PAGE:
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UMass Chan to lead perinatal mental health equity study with $21 million PCORI grant

Nancy Byatt, DO, MS’15, MBA, and Christopher Sheldrick, PhD

A research team led by UMass Chan Medical School perinatal mental health expert Nancy Byatt, DO, MS’15, MBA, professor of psychiatry, obstetrics & gynecology, and population & quantitative health sciences, has secured a $21 million award from the Patient-Centered Outcomes Research Institute (PCORI) to conduct a perinatal mental health equity study. The study will be co-led by Wendy Davis, PhD, executive director of Postpartum Support International, a nonprofit family support organization, and Christopher Sheldrick, PhD, professor of psychiatry at UMass Chan.

The Pathways to Perinatal Mental Health Equity research study is a cluster randomized control trial that will compare a health care model of improving mood and anxiety disorder care in OB-GYN practices with a health care-community partnership model. The study will include 32 OB-GYN practices across the country; half will follow the health care model; the other half will follow the health care-community partnership model.

The study will seek to make the approaches scalable by training perinatal psychiatry access program teams across seven states to implement the models and then continue training others after the life of the study. To ensure an explicit focus on equity, anti-racism training and trauma-informed care training, screening and referrals for social determinants of health will be part of both models of care.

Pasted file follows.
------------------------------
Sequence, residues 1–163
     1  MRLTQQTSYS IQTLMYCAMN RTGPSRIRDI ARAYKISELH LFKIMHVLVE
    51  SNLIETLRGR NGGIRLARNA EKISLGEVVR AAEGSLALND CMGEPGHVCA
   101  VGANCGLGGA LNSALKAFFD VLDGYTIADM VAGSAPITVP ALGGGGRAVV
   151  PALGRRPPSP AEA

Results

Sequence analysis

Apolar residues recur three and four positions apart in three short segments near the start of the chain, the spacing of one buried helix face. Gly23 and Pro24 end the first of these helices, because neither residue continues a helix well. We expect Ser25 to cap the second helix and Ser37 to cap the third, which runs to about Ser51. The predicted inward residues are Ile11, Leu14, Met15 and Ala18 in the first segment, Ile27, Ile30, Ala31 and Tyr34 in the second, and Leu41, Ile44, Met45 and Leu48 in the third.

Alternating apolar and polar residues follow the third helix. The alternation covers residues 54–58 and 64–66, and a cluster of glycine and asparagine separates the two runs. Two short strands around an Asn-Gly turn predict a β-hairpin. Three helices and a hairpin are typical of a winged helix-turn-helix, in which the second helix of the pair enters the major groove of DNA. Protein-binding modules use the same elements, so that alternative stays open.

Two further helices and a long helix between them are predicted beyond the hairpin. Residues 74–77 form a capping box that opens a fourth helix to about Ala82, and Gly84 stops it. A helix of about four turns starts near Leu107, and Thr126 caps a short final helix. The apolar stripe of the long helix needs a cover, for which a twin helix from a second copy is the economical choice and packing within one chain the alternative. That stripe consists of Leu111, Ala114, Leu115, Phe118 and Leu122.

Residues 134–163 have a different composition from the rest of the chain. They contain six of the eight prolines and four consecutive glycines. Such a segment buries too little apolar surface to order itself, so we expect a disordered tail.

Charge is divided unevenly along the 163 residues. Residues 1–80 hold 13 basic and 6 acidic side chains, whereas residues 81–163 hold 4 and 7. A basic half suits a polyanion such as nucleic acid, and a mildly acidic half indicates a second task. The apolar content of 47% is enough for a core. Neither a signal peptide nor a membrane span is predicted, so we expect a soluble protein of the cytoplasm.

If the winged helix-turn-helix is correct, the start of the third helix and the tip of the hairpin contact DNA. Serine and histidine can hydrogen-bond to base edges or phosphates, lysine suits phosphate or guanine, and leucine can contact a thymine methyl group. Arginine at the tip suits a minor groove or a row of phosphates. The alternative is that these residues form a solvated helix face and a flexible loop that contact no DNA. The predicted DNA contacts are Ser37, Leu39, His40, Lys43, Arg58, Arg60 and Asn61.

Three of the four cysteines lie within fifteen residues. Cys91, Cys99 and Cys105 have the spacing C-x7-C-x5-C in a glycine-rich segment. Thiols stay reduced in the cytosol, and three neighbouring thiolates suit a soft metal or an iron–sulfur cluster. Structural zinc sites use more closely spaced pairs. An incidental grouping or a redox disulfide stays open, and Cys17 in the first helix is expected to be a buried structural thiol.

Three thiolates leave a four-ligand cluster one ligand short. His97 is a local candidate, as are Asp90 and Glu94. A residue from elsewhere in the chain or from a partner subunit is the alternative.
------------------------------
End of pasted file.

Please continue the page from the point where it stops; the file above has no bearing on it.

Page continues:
“Mental health and substance use disorders are the leading cause of maternal mortality in the United States. Most perinatal individuals do not have access to the mental health care they need,” Dr. Byatt said. 

The health care-community partnership model will include Postpartum Support International’s peer support model, which will provide psychoeducation, behavioral activation and navigation, in addition to the health care model.

“This multiyear study is a unique opportunity to build on the strength of a health care-community partnership to increase perinatal providers’ ability to integrate trauma-informed care with peer support, increasing individuals’ access to treatment that best meets their needs. Equally important, however, is generating scientific evidence on the most effective interventions for addressing inequities,” said Dr. Davis. 

The study will involve an initial feasibility phase to maximize the likelihood of full trial success.